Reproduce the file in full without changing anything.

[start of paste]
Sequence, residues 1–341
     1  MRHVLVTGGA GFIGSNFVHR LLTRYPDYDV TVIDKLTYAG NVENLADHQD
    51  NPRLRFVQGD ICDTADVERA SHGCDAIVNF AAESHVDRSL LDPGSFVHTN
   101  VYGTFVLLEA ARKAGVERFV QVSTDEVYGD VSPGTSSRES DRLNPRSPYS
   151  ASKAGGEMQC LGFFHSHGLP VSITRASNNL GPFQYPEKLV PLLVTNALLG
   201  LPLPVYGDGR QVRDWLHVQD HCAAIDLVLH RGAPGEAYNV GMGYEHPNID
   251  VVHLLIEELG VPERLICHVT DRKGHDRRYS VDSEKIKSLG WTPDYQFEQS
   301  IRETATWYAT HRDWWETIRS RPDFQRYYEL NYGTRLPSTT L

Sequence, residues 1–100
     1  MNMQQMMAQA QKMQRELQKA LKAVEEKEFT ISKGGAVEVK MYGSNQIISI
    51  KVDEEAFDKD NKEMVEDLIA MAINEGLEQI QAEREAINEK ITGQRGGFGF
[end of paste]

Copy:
Sequence, residues 1–341
     1  MRHVLVTGGA GFIGSNFVHR LLTRYPDYDV TVIDKLTYAG NVENLADHQD
    51  NPRLRFVQGD ICDTADVERA SHGCDAIVNF AAESHVDRSL LDPGSFVHTN
   101  VYGTFVLLEA ARKAGVERFV QVSTDEVYGD VSPGTSSRES DRLNPRSPYS
   151  ASKAGGEMQC LGFFHSHGLP VSITRASNNL GPFQYPEKLV PLLVTNALLG
   201  LPLPVYGDGR QVRDWLHVQD HCAAIDLVLH RGAPGEAYNV GMGYEHPNID
   251  VVHLLIEELG VPERLICHVT DRKGHDRRYS VDSEKIKSLG WTPDYQFEQS
   301  IRETATWYAT HRDWWETIRS RPDFQRYYEL NYGTRLPSTT L

Sequence, residues 1–100
     1  MNMQQMMAQA QKMQRELQKA LKAVEEKEFT ISKGGAVEVK MYGSNQIISI
    51  KVDEEAFDKD NKEMVEDLIA MAINEGLEQI QAEREAINEK ITGQRGGFGF